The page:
The Al-Shabaab militants have yet again fired warning shots to elders ahead of elections in the country, a move seen as a strategy to scare them in their roles of picking delegates who are going to participate in electing Members of Parliament.
With senatorial polls already underway, community elders who have a large stake in parliamentary indirect polls, are set to pick 101 delegates from each constituency, who will eventually participate in elections. The elders will be assisted by members of the civil society.
In a statement issued through proxy media outlets, Al-Shabaab spokesperson Ali Dhere warned elders and other contractors to stay away from the elections. The militants are keen to topple the fragile UN-backed Somalia administration.
Two years ago the group gave elders 45 days to “repent” for their role in previous elections. Despite threats, citizens are excited as election fever grips the nation, Voice of America journalist Harun Maruf notes.
In July this year, the leader of Al-Shabaab Ahmed Umar Abu Ubaidah threatened electoral delegates who will be participating in upcoming elections; arguing that the group is opposed to the process. “They [leaders] will not be guaranteeing your safety,” he said in purported audio published by the militant media
It’s unclear where or when Abu Ubaidah’s speech was recorded but he mentions the militant group’s attack on Bosaso prison in March, and the Somali parliament’s term extension in April and the political stalemate that followed almost gives a clue.
Early this week, UK ambassador to Somalia Kate Foster also raised concerns about the possibility of Al-Shabaab infiltrating the elections. She insisted that the country should ensure selection of delegates is transparent.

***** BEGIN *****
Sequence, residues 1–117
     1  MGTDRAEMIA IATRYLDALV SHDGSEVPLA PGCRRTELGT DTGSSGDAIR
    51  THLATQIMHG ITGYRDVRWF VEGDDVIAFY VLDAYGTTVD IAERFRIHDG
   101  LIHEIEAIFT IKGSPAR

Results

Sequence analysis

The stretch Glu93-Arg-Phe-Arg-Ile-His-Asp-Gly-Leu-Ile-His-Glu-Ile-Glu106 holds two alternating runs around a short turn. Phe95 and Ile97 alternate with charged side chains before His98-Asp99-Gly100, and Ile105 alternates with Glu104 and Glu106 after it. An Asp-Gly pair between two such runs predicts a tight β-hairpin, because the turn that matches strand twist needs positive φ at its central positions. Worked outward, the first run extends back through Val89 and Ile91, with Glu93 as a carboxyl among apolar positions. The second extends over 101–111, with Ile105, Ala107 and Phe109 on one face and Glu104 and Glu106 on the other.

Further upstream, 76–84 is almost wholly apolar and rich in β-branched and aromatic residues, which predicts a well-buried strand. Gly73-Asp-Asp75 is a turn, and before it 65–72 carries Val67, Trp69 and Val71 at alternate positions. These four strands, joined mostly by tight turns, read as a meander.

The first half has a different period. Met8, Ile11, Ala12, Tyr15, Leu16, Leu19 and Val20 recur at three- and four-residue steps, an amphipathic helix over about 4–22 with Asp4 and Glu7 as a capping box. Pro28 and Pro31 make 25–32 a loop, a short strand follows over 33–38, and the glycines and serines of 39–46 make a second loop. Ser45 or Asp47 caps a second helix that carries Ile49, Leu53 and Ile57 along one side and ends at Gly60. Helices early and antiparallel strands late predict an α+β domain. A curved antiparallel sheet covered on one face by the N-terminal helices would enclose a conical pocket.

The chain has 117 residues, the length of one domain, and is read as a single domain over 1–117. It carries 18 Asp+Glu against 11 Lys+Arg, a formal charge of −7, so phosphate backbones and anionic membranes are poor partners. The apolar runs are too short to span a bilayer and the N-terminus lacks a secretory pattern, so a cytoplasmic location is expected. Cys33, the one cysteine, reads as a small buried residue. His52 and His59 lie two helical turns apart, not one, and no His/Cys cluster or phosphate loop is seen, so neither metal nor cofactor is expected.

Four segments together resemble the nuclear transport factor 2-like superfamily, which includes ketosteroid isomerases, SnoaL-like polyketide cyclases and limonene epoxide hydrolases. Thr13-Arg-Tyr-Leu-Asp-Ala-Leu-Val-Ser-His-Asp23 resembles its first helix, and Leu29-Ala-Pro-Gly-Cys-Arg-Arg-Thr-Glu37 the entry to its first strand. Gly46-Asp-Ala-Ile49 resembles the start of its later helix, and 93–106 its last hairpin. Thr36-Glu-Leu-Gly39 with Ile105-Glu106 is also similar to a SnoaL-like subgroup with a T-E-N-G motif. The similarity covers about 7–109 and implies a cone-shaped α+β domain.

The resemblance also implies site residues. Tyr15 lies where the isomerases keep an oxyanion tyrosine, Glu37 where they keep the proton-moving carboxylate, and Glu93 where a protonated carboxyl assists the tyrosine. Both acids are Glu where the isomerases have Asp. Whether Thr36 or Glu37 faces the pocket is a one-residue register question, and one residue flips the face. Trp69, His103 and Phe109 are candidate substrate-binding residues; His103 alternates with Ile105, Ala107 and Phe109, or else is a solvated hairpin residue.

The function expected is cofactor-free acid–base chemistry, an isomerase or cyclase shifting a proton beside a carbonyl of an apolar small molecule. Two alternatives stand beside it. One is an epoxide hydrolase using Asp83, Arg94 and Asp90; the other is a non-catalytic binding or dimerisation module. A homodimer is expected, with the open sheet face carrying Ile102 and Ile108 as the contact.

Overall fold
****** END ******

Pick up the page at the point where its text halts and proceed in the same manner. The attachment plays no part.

For the credibility of the polls to improve, Ms. Foster said there is a need to look into the delegate selection process, which she believes paves way for possible infiltration. A number of local elders and members of civil society will be tasked to pick delegates.
“Yeah, I mean it is [Al-shabaab threat] it is a concern. I think what is important is that to come back to the delegate selection process, I think how that process happens matters and makes a quite significant difference,” she said. “The credibility of the process ahead of us. I think once we’re through this election, there will be a conversation.”
Stakeholders settled on indirect elections after months of wrangles thus making it difficult for implementation of the universal suffrage elections. Initially, the country was preparing for direct polls but implementation became difficult.
In the future, Ms. Foster says the country just rethink holding direct polls which minimize Al-Shabaab influence on the ballot. There are concerns that some elders could be compromised by the militants to pick delegates in a manner that favors them.
“I hope that will very much be led by, um, the people of Somalia about how we move to a voting system that really is very accountable to the people of Somalia in a way that perhaps doesn’t entirely exist with the current process,” she noted.